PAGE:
Each patient’s overall total FJS was calculated using the FJS scoring algorithm (Figure 1) by assigning a numerical value to each response along the spectrum, ranging from 0 (never) to 4 (mostly). The arithmetic mean of the numerical values for each question was then calculated and multiplied by 25. This multiplication product was then subtracted from 100 to reach the final FJS. A higher FJS indicates a better outcome, while a lower score indicates a poorer outcome. When there was a missing response for any of the questions, the arithmetic mean of the remainder of the patient’s answers was used to replace the missing value. If there were more than 4 missing responses for any given survey, the survey was treated as incomplete and not included in the analysis.
All deidentified data were sent to biostatisticians at Georgetown University for analysis. The biostatisticians performed a 5-number summary, a Shapiro-Wilk test for normality, a Bartlett test of homogeneity of variances, a nonparametric Wilcoxon rank-sum test, a Kruskal-Wallis test, and 2-way analysis of variance (ANOVA) tests for approach and year relationships to FJS.
A total of 246 patients were contacted, for 296 cases (some patients had operations on both hips). Forty patients answered the survey to completion for 48 cases, achieving a survey response rate of 16.26% and 16.22% for patients and cases, respectively. One of the surveys was removed from the data because the patient provided a name that was not in the electronic medical record, thus making it impossible to determine the surgical approach taken for their procedure (final n=39 patients and 47 cases). Patient demographics are shown in Table 2. Of 564 total survey responses, 7 question responses were missing from 5 cases, and the numerical mean of the remaining values replaced the missing value(s).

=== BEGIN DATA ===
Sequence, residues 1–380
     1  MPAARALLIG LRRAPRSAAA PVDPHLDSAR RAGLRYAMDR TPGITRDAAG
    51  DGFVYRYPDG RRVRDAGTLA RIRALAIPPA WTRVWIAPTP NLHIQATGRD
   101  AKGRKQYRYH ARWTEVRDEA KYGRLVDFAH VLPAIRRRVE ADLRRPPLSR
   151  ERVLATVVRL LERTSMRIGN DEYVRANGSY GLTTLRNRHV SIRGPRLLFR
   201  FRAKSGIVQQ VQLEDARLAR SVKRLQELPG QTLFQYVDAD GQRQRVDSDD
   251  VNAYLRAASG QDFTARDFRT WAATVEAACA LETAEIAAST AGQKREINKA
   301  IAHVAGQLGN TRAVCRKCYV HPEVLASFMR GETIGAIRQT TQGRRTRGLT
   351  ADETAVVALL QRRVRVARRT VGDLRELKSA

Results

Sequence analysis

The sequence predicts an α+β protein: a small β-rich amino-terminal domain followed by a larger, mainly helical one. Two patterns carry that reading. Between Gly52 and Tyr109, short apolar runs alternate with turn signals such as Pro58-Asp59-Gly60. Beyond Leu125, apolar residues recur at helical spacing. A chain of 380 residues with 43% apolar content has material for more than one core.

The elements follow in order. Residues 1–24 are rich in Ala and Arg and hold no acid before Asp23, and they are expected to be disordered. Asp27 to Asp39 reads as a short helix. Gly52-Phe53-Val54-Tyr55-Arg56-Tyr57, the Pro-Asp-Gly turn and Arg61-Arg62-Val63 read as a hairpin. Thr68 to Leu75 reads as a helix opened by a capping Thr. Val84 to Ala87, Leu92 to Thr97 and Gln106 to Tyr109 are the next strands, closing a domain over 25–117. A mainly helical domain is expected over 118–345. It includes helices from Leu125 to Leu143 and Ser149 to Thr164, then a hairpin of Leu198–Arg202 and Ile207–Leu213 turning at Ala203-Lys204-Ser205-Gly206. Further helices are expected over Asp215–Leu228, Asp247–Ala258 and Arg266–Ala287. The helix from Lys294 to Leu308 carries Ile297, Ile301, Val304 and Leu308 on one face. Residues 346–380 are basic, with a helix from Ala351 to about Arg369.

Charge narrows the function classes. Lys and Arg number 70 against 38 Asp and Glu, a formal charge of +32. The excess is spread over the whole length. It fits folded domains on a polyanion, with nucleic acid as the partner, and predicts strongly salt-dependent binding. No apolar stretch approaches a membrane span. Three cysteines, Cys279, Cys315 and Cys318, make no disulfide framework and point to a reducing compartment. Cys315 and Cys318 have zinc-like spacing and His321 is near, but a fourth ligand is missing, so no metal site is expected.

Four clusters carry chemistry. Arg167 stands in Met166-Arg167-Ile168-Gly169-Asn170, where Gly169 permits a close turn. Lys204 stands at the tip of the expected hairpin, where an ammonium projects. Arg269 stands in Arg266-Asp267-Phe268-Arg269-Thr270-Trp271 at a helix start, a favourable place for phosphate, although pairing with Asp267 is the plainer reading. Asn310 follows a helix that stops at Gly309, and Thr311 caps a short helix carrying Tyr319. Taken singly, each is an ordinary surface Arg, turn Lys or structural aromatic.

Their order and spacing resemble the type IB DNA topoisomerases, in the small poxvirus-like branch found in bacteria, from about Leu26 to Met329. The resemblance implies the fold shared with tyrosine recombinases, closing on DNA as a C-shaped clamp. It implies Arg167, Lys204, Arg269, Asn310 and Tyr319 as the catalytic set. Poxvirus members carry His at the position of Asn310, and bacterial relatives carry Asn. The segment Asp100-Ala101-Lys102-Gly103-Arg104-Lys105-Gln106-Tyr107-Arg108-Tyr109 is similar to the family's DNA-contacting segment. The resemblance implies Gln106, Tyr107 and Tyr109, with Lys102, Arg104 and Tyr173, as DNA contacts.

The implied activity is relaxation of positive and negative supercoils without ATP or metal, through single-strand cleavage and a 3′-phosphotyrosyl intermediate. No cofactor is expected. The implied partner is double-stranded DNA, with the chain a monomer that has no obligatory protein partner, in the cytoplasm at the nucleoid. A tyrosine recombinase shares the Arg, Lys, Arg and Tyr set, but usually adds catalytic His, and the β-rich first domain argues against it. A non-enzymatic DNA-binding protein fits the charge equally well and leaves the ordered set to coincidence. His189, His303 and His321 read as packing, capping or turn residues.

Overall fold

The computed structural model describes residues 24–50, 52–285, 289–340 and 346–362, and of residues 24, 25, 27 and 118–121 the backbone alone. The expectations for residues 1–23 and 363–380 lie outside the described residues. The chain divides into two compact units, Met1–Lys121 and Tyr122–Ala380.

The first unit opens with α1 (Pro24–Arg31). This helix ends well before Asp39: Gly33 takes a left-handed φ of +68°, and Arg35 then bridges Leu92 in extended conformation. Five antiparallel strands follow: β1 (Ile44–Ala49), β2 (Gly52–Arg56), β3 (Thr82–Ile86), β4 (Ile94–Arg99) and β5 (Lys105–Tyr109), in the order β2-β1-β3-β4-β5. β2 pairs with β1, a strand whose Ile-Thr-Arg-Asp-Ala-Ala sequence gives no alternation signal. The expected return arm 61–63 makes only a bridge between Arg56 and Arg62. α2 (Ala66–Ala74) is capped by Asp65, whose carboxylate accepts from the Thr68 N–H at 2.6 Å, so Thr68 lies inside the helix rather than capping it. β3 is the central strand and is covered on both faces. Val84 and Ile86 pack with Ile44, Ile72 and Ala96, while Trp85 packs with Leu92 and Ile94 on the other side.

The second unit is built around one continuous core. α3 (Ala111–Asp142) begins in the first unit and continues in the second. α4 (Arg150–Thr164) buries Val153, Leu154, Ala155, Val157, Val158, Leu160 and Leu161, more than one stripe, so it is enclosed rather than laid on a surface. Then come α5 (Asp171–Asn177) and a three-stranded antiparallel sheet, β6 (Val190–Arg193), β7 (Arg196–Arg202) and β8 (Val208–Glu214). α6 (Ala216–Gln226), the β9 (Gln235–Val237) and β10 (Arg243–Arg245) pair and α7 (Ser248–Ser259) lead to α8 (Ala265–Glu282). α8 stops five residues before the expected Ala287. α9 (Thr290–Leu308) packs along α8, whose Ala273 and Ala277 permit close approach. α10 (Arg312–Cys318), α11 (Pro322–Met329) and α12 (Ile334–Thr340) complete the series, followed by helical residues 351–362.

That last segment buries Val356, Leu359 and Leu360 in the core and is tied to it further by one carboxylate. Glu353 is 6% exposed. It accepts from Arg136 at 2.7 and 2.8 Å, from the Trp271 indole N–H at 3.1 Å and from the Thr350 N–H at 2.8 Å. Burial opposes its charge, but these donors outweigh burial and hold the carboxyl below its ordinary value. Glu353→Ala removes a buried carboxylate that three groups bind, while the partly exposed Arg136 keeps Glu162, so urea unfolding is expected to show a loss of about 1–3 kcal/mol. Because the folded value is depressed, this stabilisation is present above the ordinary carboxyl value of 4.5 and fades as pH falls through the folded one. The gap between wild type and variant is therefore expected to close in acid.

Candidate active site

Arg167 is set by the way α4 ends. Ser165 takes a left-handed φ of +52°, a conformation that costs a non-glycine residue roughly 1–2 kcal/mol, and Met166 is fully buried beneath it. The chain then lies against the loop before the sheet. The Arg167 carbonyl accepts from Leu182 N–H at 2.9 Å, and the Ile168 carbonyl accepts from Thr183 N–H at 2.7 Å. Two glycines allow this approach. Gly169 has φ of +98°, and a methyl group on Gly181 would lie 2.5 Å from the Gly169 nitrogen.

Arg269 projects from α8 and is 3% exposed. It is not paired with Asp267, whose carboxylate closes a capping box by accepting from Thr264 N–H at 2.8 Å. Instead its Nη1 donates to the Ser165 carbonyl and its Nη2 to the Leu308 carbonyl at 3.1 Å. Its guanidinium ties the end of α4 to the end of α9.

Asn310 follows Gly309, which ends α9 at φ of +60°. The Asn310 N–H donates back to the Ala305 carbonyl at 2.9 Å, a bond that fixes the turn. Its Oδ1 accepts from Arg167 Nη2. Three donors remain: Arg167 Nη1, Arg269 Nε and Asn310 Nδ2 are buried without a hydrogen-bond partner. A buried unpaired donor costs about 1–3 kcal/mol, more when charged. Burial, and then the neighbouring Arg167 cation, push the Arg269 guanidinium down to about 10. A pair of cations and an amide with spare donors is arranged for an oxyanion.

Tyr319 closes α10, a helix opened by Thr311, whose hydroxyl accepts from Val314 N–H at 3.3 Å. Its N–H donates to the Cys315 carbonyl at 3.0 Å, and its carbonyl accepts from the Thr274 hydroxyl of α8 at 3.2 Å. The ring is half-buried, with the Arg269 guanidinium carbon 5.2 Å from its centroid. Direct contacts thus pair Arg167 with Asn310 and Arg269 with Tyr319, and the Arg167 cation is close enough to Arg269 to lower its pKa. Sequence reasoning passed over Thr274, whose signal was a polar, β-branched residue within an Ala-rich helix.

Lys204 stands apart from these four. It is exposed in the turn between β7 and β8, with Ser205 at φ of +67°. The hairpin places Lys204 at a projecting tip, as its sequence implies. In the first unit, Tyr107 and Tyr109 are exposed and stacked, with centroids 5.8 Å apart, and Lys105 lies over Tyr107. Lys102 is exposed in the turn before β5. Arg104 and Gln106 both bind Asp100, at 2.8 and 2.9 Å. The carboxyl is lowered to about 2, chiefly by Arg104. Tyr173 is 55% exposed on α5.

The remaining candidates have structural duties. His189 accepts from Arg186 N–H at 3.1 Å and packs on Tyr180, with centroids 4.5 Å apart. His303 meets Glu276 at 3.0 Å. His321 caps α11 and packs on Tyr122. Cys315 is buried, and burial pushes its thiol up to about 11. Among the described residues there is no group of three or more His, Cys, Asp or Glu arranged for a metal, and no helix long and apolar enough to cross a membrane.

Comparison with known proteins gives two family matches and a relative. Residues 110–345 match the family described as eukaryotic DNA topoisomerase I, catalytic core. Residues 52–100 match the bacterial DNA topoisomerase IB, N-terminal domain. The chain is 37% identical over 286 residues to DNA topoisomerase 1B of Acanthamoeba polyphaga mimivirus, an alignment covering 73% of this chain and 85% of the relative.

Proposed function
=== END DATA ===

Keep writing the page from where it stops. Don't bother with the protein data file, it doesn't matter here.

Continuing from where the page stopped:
Wilcoxon rank-sum test showed that the median/distribution of FJS was not significantly different between approaches. Despite a higher mean FJS value for the anterior approach (77.55; standard error of the mean [SEM], 5.27; n=29 THAs) than the posterior approach (69.42; SEM, 7.19; n=18 THAs), there was no significant difference found between groups (P = .38) (Figure 3). Furthermore, 2-way ANOVA indicated that the approach used was not statistically significantly associated with FJS (P = .34). Although both distributions (Figure 4) ranged from 0 to 100, the anterior group exceeded the posterior group’s first quartile (66.67 vs 54.58), median (87.50 vs 77.08), and third quartile (100.00 vs 95.31).
Chronological analysis was performed to assess for impact of surgical year on FJS. Kruskall-Wallis tests showed that the median/distribution of FJS was not statistically significant among years that the surgery was performed. Two-way ANOVA indicated that surgery year was not statistically significantly associated with FJS (P = .22).
Ceiling effects were calculated as the percentage of responses with the maximum score. The ceiling effects were 27.59% for the anterior group and 22.22% for the posterior group (25.54% overall). These ceiling effects were higher than those shown in the FJS validation study, but still noticeably lower than the Western Ontario and McMaster Universities osteoarthritis index and Oxford Hip Score.6,7 While a higher anterior group ceiling effect does signify that the FJS was not as discriminative for positive outcomes, it also suggests that this group may have had better outcomes because a higher percentage of patients reported the highest possible outcomes (resulting in maximum FJS value).